Last edited: Jul 24, 2013
  18. jonw747

    jonw747 Well-Known Member

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    Assuming the feds/lawyers don't jump in and put an end to that, contracts don't last forever and they are voluntary. Once Apple/Google/Intel/etc have established a presence in the market and can actually start waving $$$ in front of the noses of the content providers, companies like Time Warner are either going to have to make up the difference or give up on those contract clauses in future negotiations. The reason TWC can get away with that is because the leverage their customer base grants them. Right now Google has some early adopters in Kansas City, and Apple/Intel have nobody. They need a whole lot more leverage than that.
     
    Last edited: Jul 24, 2013
  19. CatfishRivers

    CatfishRivers Well-Known Member

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    IMO the Google Fiber TV service does not have content from "early adapters". Google Fiber has a traditional model TV service. If Google actually launches an "over-the-top" internet TV service bypassing the cable companies - then I would consider those content providers that are part of that service as being early adapters (because an over-the-top TV service has never been successfully accomplished yet). I don't really see anything as 'early adaptor' by having content providers sign up with a traditional TV service.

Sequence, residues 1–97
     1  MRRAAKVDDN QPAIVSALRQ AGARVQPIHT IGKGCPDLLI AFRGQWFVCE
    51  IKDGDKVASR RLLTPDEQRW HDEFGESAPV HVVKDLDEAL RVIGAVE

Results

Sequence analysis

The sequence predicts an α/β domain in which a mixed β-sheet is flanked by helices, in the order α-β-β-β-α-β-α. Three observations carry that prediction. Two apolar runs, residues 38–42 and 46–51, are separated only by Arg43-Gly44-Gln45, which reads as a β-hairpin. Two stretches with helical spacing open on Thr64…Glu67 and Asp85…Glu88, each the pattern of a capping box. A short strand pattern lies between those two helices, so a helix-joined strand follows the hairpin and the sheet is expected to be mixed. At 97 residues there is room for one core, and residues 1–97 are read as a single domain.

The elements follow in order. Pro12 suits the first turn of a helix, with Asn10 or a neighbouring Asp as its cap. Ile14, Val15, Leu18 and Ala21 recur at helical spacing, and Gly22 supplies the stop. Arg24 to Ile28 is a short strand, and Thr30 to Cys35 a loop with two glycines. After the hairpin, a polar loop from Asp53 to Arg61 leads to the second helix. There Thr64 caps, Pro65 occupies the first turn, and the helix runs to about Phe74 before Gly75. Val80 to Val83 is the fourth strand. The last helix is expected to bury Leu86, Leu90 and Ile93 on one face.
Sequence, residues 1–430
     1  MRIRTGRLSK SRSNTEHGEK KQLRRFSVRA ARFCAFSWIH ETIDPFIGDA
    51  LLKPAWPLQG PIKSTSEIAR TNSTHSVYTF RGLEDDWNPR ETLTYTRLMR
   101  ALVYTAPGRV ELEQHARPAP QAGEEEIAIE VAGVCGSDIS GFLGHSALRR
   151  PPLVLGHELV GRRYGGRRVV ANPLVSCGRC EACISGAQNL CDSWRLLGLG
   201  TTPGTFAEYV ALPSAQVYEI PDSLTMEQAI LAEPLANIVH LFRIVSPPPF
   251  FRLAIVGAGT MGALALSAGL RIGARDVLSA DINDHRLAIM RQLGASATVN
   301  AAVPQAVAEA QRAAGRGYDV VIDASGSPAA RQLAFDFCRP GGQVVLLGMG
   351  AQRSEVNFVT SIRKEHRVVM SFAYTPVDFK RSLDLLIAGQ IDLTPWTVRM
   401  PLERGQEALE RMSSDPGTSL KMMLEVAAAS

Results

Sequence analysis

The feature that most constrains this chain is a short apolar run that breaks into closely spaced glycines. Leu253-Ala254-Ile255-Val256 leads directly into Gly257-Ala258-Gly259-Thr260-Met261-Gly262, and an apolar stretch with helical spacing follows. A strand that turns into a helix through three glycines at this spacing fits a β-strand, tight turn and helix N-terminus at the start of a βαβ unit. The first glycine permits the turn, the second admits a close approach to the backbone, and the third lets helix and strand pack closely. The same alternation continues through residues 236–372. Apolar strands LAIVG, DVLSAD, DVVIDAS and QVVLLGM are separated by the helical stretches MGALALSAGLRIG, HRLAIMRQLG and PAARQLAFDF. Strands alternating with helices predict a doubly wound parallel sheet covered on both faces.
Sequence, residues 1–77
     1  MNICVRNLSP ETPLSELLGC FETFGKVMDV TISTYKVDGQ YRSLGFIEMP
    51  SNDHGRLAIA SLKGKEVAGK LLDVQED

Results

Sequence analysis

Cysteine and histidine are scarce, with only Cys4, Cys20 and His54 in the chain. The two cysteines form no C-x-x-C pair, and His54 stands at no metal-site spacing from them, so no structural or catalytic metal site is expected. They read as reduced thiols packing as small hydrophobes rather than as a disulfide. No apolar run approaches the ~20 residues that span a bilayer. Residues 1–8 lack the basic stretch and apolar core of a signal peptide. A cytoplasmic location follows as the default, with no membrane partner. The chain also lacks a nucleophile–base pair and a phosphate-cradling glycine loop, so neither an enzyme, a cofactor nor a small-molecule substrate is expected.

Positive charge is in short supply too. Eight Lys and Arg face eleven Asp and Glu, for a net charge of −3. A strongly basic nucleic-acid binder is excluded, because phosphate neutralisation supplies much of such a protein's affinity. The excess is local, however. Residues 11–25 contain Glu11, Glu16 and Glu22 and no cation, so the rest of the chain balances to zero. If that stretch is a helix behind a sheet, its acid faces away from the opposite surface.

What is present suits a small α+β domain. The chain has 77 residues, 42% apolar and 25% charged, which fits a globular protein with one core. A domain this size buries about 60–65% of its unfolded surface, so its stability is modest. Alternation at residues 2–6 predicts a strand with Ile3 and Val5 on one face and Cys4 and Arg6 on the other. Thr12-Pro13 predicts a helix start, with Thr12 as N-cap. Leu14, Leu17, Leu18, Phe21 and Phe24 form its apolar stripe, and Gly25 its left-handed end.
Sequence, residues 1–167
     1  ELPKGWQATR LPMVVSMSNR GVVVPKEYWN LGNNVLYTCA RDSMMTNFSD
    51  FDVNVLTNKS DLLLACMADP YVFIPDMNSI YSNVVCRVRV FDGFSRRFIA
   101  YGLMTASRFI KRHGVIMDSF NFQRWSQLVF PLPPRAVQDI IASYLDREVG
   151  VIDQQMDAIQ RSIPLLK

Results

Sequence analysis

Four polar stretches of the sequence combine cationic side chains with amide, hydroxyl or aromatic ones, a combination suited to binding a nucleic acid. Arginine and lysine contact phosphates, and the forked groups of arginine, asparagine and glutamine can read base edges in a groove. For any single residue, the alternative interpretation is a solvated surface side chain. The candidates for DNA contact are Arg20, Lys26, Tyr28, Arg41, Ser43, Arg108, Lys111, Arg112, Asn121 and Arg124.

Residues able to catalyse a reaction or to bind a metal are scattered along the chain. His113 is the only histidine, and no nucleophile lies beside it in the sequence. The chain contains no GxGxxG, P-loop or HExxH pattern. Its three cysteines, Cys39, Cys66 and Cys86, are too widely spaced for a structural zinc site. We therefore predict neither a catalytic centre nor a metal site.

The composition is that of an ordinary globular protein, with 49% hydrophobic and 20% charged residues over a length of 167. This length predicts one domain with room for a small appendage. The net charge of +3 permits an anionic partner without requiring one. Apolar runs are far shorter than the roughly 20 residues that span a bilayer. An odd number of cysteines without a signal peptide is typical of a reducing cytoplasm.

And Apple TV already has Time Warner and HBO GO.

    http://www.theverge.com/2013/7/19/4...apple-tv-could-obviate-the-cable-box-says-nyt

    The following thread is directly related to this debate - so I'm posting the link here:

    http://www.googletvforum.org/forum/...ter-than-google-s-but-not-winner-viewers.html
     
    Last edited: Jul 24, 2013
  20. CatfishRivers

    CatfishRivers Well-Known Member

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    Apparently Google briefly had a TV service called "Chromecast" listed in the Google Play Store. It's since been removed so the service is not live yet. But apparently something is in the works. I made a thread about it in the off-topic section today but it's relevant here also:

    http://www.googletvforum.org/forum/...ay-s-devices-list-what-updated.html#post53194

    The fact that the Chromecast TV service would only be available in "limited markets" - is directly related to the complex licensing required with content providers and the stranglehold that cable TV has with content providers.

    So I'm not saying that Google can never ever over time get an over-the-top internet TV service off the ground - but it is very difficult due to the licensing of content. So what we will see (at least in the early stages) is a limited amount of content partners and the service available only to "limited markets".

    In contrast Apple will not bypass the cable companies but instead just put an entire Time Warner subscription package on their Apple TV.

    ------------------------------------------------------------------------------------------------

    **Update: Chromecast is now available for pre-order on Google Play Store - turns out Chromecast is actually the previously rumored $35 dongle called "Chromekey". It connects to a HDTV and mirrors content from other devices. So Chromecast doesn't appear to be Google's TV service.

    https://play.google.com/store/devices/details?id=chromecast
     
    Last edited: Jul 24, 2013